When people refuse to buy something, or buy product B instead of product A for what they believe to be political purposes, they might affect the bottom line of a company. They might even provoke that company to make changes to their products or practices. That’s great! But what they’re also doing, and what is so dangerous about telling young people that “voting with your dollars” is the most important thing they can do, is leaving the bulk of the power in the hands of those companies. This limits our own power—our power to create and to innovate and to call for new opportunities and experiences—to the power to consume (or not consume). It takes all of our experiences and lives and wants and needs and desires and possibilities and puts them into a dollar, ultimately conceding that yes, the best we can do is give other people our money and hope for the best.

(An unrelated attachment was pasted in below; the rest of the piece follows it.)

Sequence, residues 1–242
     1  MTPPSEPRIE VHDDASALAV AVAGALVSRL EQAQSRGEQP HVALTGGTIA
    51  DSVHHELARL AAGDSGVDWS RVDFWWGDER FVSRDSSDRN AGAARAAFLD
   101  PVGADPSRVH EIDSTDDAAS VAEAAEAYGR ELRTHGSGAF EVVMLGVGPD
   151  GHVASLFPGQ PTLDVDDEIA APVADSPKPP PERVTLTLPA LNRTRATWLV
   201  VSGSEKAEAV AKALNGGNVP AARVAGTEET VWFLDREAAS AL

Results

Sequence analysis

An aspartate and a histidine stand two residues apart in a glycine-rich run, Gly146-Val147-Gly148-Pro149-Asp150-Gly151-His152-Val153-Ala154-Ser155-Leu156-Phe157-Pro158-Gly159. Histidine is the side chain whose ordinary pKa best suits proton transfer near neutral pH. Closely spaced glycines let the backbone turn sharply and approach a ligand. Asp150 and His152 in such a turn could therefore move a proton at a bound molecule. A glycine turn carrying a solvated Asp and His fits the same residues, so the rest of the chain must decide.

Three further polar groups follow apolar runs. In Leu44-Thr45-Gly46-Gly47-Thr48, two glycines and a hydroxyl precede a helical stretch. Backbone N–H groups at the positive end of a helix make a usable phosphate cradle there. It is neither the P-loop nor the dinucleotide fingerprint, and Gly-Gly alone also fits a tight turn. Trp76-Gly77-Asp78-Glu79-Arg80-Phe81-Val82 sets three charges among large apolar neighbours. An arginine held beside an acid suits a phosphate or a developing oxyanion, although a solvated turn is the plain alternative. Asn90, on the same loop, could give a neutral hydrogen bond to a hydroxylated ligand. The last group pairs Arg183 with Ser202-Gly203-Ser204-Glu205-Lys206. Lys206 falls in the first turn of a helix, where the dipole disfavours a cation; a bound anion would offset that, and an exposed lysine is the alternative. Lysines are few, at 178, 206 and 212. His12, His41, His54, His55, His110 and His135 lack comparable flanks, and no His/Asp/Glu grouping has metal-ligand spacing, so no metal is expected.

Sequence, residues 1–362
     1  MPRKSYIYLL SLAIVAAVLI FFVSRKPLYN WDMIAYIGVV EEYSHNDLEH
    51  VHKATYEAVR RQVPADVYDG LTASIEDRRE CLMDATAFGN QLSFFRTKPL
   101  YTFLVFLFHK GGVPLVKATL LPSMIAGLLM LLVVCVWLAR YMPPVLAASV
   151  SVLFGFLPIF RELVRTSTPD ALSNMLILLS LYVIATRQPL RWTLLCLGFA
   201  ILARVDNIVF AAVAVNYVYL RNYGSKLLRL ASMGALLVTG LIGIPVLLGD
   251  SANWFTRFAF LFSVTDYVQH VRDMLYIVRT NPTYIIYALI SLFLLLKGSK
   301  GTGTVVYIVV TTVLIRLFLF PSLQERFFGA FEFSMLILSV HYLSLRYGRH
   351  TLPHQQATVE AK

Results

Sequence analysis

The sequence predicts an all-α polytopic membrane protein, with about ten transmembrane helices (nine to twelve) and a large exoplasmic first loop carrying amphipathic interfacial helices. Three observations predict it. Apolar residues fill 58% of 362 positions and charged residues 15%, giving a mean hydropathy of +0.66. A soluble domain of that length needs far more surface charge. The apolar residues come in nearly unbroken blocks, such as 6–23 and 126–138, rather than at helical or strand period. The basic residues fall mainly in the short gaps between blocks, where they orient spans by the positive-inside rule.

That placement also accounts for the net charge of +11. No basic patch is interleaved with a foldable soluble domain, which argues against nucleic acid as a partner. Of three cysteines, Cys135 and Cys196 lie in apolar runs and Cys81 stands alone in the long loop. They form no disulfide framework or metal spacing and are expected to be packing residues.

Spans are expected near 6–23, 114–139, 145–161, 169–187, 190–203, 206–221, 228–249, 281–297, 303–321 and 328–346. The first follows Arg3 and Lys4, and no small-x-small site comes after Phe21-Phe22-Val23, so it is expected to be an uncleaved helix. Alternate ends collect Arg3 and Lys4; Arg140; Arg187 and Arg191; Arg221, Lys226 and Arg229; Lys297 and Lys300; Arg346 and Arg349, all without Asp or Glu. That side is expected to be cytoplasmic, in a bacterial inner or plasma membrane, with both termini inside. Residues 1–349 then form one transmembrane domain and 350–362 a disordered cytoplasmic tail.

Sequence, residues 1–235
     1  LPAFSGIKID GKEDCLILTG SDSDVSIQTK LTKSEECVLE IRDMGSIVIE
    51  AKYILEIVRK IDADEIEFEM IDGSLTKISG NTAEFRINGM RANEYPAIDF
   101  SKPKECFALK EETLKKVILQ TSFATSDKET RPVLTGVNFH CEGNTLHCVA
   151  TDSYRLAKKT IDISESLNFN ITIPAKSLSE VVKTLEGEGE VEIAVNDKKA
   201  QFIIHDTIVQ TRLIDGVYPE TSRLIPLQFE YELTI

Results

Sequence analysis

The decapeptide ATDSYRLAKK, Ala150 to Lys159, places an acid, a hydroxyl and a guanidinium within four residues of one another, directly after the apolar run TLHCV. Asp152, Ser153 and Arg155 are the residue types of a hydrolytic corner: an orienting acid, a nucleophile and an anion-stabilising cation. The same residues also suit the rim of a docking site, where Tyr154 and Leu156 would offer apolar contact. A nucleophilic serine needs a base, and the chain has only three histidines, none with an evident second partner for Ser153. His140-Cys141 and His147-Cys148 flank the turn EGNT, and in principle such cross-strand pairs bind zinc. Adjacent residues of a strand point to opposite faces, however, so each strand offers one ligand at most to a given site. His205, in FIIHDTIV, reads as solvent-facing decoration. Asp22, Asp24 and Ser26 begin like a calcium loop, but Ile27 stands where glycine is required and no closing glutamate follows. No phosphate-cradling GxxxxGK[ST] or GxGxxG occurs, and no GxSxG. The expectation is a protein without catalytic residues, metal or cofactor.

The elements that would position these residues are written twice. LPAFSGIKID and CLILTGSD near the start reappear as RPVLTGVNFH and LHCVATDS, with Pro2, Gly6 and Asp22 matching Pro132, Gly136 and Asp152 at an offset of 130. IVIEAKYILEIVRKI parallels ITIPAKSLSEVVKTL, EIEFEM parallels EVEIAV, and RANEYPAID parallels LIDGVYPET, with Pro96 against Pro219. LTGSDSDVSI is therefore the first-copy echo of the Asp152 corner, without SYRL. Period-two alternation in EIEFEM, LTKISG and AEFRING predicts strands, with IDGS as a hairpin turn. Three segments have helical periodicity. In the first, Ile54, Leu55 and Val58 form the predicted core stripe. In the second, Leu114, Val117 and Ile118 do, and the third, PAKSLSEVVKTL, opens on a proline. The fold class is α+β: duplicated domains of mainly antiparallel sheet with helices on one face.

Telling people to “vote with their pocketbooks” reinforces the idea that money and power are irrevocably intertwined. We shouldn’t look to those among us who have the most disposable income or the biggest advertising budget or the largest market research team to be setting the tone of our cultural landscape. We should be setting that tone ourselves. Not all of us have money, but all of us have voices, and it would do us well to encourage young people to develop and strengthen their voices rather than wait until they have enough money to be counted (a day that, for many, will never come).
Another reason why people need to stop acting like product (Red) or individual consumer choices can make substantive changes to greater structures of global power. It doesn’t make sense. They. Just. Want. Your. Money.
When we vote with our dollars, those with the most dollars get the most votes.